I experiment a lot before I choose an implementation I like. I am sure I am not alone in making a few (or many) false starts, and yet feeling sick at the thought of deleting any code. What if one of those paths I started down was the right one? This loss aversion often leads to working trees of non-working code, and
git stash-es that I will never revisit. If I stop myself from going too far down yet another road without an end in sight, attempts to clean up my working directory often stall miserably at the end of a
git checkout .:
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Once upon a time, I would click my way through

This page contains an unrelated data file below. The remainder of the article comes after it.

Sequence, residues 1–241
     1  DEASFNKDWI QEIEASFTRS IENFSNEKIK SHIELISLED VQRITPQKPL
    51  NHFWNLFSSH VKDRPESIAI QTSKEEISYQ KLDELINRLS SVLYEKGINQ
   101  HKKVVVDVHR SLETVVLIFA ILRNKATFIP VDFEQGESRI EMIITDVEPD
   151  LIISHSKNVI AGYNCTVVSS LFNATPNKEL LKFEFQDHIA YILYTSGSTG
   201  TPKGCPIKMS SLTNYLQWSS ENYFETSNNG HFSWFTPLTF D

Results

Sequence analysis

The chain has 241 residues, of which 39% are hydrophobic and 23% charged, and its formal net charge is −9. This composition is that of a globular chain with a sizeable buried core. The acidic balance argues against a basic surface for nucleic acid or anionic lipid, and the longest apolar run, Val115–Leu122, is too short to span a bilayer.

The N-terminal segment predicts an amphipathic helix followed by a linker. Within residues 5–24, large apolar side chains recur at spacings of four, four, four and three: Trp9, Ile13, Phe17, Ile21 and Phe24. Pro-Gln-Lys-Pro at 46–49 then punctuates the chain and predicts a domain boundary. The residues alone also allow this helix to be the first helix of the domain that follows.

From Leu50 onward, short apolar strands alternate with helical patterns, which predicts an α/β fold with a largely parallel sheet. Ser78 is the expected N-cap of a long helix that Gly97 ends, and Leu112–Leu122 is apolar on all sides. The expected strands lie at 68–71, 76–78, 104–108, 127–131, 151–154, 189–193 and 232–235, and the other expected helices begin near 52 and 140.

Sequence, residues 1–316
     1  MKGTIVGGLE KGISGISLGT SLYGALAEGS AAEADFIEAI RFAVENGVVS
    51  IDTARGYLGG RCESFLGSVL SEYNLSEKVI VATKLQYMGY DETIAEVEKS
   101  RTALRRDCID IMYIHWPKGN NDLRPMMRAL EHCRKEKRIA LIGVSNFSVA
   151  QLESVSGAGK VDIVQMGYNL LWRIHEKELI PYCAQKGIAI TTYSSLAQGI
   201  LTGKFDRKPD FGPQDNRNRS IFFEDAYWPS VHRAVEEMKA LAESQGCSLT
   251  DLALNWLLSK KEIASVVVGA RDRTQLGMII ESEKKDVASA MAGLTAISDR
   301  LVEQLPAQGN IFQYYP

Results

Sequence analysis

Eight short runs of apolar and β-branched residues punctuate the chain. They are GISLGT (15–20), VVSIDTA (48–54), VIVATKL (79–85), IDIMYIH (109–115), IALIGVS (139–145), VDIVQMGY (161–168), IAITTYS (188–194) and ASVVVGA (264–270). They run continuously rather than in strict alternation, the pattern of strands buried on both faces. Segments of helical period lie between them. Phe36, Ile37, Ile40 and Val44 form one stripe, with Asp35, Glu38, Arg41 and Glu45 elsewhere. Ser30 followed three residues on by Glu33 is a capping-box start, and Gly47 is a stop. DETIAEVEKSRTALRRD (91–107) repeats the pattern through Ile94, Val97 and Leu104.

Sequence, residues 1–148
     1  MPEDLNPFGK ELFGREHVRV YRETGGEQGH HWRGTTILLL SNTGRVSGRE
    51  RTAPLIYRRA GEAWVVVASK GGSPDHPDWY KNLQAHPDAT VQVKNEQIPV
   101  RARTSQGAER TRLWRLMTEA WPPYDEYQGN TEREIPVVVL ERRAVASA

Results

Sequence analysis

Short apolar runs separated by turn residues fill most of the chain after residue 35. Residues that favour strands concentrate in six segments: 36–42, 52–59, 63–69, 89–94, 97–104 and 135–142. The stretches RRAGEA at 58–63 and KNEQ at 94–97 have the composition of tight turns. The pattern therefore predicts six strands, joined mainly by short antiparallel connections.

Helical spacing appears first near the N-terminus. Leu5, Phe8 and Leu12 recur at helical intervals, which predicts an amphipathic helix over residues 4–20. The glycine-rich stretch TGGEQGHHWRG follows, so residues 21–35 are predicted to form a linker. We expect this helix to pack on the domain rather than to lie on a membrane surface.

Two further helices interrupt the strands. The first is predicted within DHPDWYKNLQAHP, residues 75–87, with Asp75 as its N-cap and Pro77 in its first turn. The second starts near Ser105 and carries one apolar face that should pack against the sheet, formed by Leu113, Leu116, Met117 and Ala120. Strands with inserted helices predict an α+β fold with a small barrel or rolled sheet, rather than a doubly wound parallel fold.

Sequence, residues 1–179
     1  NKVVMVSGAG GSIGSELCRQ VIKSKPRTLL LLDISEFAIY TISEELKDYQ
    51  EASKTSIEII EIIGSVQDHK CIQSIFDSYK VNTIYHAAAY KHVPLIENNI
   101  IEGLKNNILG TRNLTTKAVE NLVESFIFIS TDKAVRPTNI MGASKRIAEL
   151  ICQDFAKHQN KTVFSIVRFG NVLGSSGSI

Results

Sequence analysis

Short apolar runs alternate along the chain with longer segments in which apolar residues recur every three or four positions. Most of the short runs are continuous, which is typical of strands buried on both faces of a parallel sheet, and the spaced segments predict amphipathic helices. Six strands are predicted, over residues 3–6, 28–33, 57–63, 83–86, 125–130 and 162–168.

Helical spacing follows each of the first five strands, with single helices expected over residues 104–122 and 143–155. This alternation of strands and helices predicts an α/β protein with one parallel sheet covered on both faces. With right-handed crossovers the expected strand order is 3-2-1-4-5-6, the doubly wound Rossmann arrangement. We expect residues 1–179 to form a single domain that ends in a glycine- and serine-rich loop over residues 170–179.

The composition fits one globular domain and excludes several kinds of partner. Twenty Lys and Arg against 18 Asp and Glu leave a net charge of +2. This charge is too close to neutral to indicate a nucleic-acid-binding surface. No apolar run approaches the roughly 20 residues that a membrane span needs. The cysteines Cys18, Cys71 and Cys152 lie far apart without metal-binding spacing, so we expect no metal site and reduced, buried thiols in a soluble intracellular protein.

rm. A small improvement in
rm efficiency came when I discovered I could
rm more than one file at a time (don’t judge me, I am new at this). Still, the biggest break-through came when a coworker, perhaps observing my struggles, pointed me to git-cheatsheet — a interactive visual tool to display the relevant commands for each stage of my git workflow.
Git clean is a force to be reckoned with, and not just because it doesn’t do anything unless you force it.
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Now I can be as crufty as I want to be in my working tree, because
git will be there to clean up the mess.